One of the more distasteful aspects of these events is the unseemly scramble for credit. Political representatives from all three levels of government were jockeying for position. Freshly re-elected MPP Laura Albanese announced a $400,000 grant from the Trillium Foundation to be spent on projects covering the length of the trail (strangely the Trillium Foundation site has no trace of this in their list of grants). Councillor Frances Nunziata announced (again) the $48,000 worth of exercise equipment to be installed in Cruickshank Park (well before the Council election in October no doubt). This money was extracted from several developers in exchange for Council concessions. Another guest speaker, Etobicoke Centre Tory MP Ted Opitz prattled on about his support for the path despite the Federal Government contribution of precisely zero to this project. It takes some nerve to remove protection from the Humber River (as the Tories have done) and then bask in the glory of others’ work. Then again, there will be a federal election by October 2015 at the latest. Right leaning mayoral hopeful Karen Stintz was in attendance but mercifully kept a low profile (until the ribbon cutting). Incredibly, our own MP Mike Sullivan told me he was not invited and therefore didn’t get to speak. Organizers from Friends of the Pan Am Path claimed there had been an oversight.

Brent Chamberlain and Frances Nunziata cut the ribbon.

Brent Chamberlain (Friends of the Pan Am Path) and Frances Nunziata (with scissors) cut the ribbon.

Sullivan: Harper government ignoring Weston flood damage.

York South-Weston MP Mike Sullivan spoke in Parliament today about the flooding in York South-Weston and revealed that despite the damage caused on July 8th, the Federal government has failed to offer any meaningful assistance.

Mr. Speaker, this past summer, the City of Toronto suffered what is described as a once-in-a-hundred-years storm. Thousands of homes were flooded, families lost cherished possessions and spent millions rebuilding. Neighbourhoods in my riding of York South—Weston were among the hardest hit.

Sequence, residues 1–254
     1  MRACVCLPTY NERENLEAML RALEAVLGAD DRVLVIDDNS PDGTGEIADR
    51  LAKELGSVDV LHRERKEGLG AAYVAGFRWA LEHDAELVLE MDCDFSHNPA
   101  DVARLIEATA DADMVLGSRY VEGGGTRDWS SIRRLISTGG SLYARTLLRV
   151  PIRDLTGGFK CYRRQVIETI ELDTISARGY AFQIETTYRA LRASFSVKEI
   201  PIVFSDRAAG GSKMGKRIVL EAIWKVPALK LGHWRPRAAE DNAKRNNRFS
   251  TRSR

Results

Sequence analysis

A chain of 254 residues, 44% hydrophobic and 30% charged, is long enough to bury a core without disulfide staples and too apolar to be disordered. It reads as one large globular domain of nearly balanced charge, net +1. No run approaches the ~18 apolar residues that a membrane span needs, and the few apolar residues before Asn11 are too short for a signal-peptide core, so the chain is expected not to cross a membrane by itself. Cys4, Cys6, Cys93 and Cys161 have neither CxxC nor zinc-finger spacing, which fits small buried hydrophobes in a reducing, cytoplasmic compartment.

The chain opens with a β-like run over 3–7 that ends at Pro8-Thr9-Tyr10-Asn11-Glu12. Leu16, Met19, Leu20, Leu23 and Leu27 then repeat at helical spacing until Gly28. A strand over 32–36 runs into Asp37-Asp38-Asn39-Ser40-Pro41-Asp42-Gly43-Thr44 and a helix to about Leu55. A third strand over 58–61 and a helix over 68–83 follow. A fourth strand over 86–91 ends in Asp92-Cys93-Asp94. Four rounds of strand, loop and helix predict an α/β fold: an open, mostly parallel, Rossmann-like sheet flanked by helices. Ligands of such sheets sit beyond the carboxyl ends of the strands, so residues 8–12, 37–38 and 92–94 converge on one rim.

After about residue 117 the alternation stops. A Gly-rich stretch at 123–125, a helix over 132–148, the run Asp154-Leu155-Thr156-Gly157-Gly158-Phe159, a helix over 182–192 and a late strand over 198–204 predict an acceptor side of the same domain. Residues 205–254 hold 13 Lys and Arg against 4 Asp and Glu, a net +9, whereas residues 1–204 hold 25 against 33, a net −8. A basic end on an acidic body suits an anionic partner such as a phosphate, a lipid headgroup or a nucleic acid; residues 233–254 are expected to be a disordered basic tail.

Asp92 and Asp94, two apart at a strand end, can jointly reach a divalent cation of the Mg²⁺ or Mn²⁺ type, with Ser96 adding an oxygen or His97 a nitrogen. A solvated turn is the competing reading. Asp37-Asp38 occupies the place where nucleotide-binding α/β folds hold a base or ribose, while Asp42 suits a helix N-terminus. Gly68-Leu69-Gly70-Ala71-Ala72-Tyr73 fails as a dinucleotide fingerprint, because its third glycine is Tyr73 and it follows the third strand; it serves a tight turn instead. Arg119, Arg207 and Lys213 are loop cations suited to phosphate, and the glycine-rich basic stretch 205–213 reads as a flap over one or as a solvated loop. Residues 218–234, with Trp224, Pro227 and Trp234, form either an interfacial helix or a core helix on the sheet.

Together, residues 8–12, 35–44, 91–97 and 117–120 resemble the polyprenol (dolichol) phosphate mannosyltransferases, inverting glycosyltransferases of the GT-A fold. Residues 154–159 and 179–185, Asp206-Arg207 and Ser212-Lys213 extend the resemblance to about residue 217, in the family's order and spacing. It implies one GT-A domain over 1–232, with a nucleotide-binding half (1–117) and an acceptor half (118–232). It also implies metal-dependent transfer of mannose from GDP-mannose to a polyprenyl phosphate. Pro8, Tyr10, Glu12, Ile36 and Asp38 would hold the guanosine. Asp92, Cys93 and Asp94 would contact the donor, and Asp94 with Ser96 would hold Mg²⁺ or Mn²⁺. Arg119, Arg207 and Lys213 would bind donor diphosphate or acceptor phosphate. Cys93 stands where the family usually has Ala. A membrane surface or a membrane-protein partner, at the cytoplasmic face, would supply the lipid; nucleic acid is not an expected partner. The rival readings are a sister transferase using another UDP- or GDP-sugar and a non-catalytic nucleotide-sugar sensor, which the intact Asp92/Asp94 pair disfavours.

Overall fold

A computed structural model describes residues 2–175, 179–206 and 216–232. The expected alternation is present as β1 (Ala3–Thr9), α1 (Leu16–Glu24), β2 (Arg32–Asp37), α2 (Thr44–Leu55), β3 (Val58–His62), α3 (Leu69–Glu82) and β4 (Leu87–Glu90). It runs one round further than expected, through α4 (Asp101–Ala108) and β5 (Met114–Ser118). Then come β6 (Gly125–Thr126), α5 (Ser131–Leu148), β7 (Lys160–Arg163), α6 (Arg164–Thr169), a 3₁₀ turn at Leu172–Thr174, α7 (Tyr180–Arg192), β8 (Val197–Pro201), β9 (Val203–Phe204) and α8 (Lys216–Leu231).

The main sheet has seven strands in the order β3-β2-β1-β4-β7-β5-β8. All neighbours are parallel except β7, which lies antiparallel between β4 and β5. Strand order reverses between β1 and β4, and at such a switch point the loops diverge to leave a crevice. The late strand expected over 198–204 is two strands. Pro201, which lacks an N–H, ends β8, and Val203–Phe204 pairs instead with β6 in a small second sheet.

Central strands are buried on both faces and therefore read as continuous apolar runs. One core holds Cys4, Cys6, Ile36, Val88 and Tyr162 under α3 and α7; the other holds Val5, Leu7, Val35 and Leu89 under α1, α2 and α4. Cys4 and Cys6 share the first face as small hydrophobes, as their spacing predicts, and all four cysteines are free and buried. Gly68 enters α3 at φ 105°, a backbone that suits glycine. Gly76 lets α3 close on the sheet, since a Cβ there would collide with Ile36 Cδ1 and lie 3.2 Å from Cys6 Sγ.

I visited the flooded streets to offer comfort and assistance. I saw tremendous resilience from the very young to the very old. I also saw the aftermath of the current Conservative government’s neglect of our city and its critical infrastructure needs, such as improved sewer systems, some of which are over 100 years old.

With climate change, severe storms like the one that hit Toronto on July 8 will become more frequent. The Conservative government needs to get off the sidelines and start investing to prevent widespread flooding from happening with each big storm.

I have written on these matters to the Minister of the Environment and Minister of Infrastructure, Communities and Intergovernmental Affairs, but the response did not offer any assistance.

This is a prime example of the climate change adaptation the government talks about. The time to help is now. My constituents not only expect it, they demand it.

Sullivan is organizing a petition to the Federal government requesting infrastructure funding for our inadequate and outdated sewer systems. Once printed off and signed, petitions can be folded, stapled closed and mailed for free to:

Mike Sullivan MP
House of Commons
K1A 0A6